But the lawmakers voiced frustration at how the school district conducts its business.
Councilman-at-large David Oh says there are plenty of dimes and nickels tucked away in corners of Mayor Michael Nutter’s budget proposal.
City Council president Darrell Clarke has decided to play it safe, adding a fallback provision to his plan to send sales tax proceeds to the cash-starved school district.
Students at the Community College of Philadelphia face a possible tuition increase next fall unless the city and the state chip in more.
“Schools are not okay the way they are,” says Cindy Farlino, principal of the Meredith School, in Queen Village. “They opened, and our kids came, but they are not okay.”
A coaltion of organizations wants City Council to approve a one-percent sales tax extension and use all of the proceeds — about $120 million — for the Philadelphia schools.
Members of labor unions representing various groups of Philadelphia municipal workers marched around City Hall both before and after Mayor Nutter’s budget address, to push their concerns.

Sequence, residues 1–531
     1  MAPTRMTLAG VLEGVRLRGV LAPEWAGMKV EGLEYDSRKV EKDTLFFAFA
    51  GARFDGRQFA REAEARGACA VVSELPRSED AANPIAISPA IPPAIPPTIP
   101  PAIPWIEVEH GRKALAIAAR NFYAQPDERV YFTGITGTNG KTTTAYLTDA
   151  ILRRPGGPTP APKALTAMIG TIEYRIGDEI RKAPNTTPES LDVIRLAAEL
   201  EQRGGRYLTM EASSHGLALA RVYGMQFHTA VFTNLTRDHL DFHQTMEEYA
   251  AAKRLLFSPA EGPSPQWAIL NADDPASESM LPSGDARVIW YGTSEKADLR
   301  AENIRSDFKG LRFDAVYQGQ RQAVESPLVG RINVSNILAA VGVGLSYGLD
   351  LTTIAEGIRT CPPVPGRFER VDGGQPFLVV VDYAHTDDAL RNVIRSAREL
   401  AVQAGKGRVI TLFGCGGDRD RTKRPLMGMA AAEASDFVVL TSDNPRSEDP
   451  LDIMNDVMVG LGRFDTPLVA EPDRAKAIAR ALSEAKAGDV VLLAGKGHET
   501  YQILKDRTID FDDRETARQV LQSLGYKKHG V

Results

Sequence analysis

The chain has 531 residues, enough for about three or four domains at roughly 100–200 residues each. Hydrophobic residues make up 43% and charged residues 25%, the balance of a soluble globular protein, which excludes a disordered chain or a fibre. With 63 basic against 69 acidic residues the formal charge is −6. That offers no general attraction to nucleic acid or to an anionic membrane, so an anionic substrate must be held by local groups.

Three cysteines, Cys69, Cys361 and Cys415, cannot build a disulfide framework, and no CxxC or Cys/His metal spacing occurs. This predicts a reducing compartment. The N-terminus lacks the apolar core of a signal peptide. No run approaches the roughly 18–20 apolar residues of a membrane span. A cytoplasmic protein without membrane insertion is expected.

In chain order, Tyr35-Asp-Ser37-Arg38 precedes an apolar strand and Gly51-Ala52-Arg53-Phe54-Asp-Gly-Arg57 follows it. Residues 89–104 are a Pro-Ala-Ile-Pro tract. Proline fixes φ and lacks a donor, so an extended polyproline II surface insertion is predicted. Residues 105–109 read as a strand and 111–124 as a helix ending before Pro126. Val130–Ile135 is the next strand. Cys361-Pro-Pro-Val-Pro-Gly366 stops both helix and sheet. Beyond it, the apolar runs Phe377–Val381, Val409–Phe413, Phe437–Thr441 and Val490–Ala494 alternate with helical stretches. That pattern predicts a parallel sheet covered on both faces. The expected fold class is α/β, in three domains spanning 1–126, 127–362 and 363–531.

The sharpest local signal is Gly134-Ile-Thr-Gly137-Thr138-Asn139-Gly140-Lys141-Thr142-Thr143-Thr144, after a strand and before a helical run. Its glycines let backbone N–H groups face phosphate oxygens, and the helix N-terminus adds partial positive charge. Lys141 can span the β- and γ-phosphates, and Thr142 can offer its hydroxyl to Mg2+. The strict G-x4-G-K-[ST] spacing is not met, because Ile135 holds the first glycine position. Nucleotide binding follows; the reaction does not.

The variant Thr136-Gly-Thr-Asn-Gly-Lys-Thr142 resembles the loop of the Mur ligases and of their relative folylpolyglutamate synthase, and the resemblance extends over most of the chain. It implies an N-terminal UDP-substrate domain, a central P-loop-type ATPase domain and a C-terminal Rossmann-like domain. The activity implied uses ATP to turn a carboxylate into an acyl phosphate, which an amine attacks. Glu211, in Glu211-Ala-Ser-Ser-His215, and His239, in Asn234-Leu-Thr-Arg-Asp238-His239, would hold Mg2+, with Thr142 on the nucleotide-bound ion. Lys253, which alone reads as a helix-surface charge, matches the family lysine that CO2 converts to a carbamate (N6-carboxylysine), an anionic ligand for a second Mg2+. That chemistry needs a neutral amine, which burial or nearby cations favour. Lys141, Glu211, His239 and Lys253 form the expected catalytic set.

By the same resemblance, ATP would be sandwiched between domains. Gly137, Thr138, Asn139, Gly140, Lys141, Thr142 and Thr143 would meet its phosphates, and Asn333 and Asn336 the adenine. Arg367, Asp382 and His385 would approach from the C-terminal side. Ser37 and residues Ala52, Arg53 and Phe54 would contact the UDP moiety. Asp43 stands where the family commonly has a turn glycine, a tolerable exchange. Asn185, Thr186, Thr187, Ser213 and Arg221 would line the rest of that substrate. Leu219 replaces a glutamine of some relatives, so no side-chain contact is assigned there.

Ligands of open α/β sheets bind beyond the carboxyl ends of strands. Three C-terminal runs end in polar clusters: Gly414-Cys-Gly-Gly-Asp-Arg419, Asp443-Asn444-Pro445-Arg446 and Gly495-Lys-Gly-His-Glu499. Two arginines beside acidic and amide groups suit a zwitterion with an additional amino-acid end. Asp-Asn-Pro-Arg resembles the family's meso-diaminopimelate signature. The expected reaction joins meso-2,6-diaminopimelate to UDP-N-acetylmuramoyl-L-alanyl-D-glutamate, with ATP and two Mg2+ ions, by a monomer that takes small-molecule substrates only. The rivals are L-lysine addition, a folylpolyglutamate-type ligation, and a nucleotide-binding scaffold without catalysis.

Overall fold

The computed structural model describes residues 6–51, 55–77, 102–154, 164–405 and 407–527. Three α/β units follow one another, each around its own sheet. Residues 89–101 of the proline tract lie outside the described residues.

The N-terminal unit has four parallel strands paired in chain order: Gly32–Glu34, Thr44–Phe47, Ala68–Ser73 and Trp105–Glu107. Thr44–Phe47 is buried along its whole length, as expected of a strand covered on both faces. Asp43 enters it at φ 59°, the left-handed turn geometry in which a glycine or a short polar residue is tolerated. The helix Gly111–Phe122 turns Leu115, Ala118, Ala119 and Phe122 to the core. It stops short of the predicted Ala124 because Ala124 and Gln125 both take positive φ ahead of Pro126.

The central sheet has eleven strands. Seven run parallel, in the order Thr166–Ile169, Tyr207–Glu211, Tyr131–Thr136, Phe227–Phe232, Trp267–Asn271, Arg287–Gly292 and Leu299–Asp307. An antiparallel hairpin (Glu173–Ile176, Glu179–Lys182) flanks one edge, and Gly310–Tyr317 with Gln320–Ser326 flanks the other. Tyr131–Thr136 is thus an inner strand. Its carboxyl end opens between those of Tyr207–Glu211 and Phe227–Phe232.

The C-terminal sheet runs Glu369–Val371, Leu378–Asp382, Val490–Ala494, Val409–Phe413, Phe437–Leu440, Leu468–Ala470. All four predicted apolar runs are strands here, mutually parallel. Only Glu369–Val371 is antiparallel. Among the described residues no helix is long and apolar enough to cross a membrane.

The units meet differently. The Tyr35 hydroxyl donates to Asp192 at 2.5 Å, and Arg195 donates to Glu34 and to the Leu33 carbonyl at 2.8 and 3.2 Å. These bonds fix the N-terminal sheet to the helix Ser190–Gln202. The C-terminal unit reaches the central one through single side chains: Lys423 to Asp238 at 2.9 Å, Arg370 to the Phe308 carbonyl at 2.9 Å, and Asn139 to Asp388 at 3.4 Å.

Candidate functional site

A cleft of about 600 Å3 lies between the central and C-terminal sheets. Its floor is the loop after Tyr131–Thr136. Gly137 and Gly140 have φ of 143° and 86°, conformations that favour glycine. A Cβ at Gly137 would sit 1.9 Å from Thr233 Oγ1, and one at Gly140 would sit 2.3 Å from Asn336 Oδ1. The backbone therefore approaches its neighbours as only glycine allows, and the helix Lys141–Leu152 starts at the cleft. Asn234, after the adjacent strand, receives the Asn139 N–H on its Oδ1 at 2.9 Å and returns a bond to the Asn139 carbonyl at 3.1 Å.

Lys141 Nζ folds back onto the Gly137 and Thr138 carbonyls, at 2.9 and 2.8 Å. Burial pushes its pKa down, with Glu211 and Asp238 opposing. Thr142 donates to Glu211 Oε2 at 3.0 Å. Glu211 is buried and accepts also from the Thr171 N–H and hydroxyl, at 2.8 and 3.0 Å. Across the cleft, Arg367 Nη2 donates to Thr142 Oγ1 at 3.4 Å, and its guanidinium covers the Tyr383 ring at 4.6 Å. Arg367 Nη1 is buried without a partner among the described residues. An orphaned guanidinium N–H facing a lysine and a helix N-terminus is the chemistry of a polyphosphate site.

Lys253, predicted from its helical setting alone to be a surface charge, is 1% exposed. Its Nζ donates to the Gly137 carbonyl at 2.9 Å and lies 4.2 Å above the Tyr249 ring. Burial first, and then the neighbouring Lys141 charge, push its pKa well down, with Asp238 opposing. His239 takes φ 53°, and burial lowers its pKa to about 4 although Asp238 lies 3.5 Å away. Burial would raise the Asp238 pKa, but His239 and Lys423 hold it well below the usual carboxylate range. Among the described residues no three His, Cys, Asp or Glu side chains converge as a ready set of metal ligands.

Nutter boasted that his $4+ billion spending plan includes no tax increases, but he warned that something must be done to meet the school district’s latest request for an additional $75 million in city funding.
According to a budget overview obtained by KYW Newsradio, additional money for inspectors will “strengthen demolition controls to ensure safe public and private demolitions.”
Councilwoman Maria Quinones Sanchez proposes upping the school district’s share from 55 percent to 60 percent, which she says would shift about $53 million per year from the city to the schools without raising taxes.
Developer Brooke Lenfest (center of photo) wants to build two hotels — a “W” and an “Element” — on what is now a parking lot at 15th and Chestnut Streets.
A City Council committee has okayed a major change in the city’s Business Income and Receipts Tax, but any final vote may not come for many months.
It is the second major relief program to result from the new property assessments that were mailed out earlier this year, for tax bills that are due early next year.
The five members of PICA -– the Pennsylvania Intergovernmental Cooperation Authority -– voted unanimously to approve Mayor Nutter’s long-range budget despite misgivings over the slim surpluses and the looming cost of new union contracts.
Rob Dubow says the Philadelphia school district’s budget woes could get worse if City Council doesn’t approve a bill to make permanent the once-temporary hike in the sales tax.